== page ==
Launching late next year, MAVEN will be the first mission devoted to understanding the Martian upper atmosphere. The goal of MAVEN is to determine the history of the loss of atmospheric gases to space through time, providing answers about Mars climate evolution. By measuring the current rate of escape to space and gathering enough information about the relevant processes, scientists will be able to infer how the planet’s atmosphere evolved in time.
 
The MAVEN spacecraft will carry two other instrument suites. The Particles and Fields Package, built by the University of California at Berkeley Space Science Laboratory with support from University of Colorado at Boulder's Laboratory for Atmospheric and Space Physics (CU/LASP) and NASA Goddard, contains six instruments that will characterize the solar wind and the ionosphere of the planet. The Neutral Gas and Ion Mass Spectrometer, provided by NASA Goddard, will measure the composition and isotopes of neutral ions. "Three of the big milestones in an instrument builder's life are the day you get selected to fly on a mission, the day you deliver the instrument to the spacecraft to get ready for launch, and the day that it gets where it's going and data starts flowing back from space," said Mark Lankton, Remote Sensing package program manager from CU/LASP. "The Remote Sensing team is really happy to have gotten to the second milestone, and we can hardly wait to reach the third."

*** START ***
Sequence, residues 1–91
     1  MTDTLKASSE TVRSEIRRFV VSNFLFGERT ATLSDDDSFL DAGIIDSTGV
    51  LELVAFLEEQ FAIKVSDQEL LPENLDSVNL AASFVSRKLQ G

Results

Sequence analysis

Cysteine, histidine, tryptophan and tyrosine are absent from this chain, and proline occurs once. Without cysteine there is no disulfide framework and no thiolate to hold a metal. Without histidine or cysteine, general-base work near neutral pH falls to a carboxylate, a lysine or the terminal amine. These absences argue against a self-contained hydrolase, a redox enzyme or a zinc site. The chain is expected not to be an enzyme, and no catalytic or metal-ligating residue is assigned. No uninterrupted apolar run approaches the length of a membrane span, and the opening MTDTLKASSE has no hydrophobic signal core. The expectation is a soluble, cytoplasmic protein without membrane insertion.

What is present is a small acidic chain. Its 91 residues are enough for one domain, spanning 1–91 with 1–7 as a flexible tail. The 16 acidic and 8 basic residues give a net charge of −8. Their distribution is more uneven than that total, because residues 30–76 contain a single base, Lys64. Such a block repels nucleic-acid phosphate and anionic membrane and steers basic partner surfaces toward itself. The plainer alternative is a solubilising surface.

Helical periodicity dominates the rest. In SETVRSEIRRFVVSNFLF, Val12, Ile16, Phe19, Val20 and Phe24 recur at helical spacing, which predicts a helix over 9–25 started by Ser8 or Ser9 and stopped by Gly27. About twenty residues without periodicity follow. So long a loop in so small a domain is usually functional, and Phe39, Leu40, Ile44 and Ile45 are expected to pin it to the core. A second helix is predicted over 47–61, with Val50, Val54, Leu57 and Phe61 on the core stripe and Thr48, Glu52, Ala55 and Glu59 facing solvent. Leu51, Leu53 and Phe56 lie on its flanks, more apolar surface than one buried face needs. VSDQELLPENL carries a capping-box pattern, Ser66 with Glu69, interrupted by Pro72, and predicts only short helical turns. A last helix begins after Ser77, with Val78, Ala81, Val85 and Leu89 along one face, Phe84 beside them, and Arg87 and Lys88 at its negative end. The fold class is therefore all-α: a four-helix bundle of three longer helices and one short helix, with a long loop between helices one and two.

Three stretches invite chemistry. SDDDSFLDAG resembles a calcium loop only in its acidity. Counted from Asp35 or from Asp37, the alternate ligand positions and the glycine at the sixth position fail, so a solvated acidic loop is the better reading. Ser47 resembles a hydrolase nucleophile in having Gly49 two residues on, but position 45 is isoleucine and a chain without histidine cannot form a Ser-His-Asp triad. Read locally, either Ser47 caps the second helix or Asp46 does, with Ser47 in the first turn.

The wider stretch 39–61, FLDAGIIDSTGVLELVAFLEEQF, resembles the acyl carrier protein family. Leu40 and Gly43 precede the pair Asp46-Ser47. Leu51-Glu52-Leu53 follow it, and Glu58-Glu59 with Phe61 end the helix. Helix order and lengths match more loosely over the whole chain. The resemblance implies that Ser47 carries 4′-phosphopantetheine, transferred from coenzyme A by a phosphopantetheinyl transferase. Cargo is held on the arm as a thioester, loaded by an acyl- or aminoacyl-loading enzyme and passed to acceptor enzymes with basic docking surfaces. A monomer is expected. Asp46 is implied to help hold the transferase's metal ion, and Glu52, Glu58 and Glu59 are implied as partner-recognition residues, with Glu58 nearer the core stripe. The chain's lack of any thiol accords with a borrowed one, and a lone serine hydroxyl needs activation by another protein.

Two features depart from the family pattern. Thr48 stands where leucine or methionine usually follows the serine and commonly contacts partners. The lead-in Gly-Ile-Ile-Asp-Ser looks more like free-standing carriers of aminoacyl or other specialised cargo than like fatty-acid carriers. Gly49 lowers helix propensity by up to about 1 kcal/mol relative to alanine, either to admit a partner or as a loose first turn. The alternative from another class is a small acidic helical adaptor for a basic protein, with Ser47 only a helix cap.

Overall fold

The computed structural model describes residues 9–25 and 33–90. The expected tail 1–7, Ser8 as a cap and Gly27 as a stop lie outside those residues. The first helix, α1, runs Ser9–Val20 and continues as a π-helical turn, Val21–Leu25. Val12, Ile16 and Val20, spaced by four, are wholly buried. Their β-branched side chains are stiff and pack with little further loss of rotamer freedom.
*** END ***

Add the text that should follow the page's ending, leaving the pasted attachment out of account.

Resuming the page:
FMI: www.nasa.gov

Advertisement

More News

Airborne At OSH15 Day 5 Redux: Inhofe's Mission, NextGen GA Fund, New Kitfox

Also: Cicare 8, Switchblade Update, Beringer Alaskan Bush Gear, Jack Pelton Interview - Final E-I-C Note: Regularly Daily Airborne Unlimited Programming will resume this Monday now>[...]

Aero-News: Quote Of The Day (08.02.15)

"This is a prime example of where the synergies from the Orbital ATK merger are providing real benefits to our customers, by being able to deploy one launch team that possesses exp>[...]

Transaero Airlines Receives Its First A321

Airliner On Lease From ICBC Leasing Of China Transaero Airlines has taken delivery of its first Airbus A321 as a result of a long-term leasing agreement between the airline and ICB>[...]

October Conference Will Focus On Rotorcraft Certification Standards

Safety, ADS-B, HTAWS, Flight Data Monitoring All On The Agenda The first Rotorcraft Certification Summit is being planned for October 27th in Dallas, with organizers are expecting >[...]

Raytheon, Partners Develop Low-Cost, High-Tech Airframe For USAF Decoy

Airborne Deployed Decoys Can Drive The Bad Guys Crazy And Protect The Good Guys If you’re on the attack in any aircraft that is less than 100 percent stealth, avoiding being >[...]

blog comments powered by Disqus



Advertisement

Advertisement

Podcasts

Advertisement

© 2007 - 2015 Web Development & Design by Pauli Systems, LC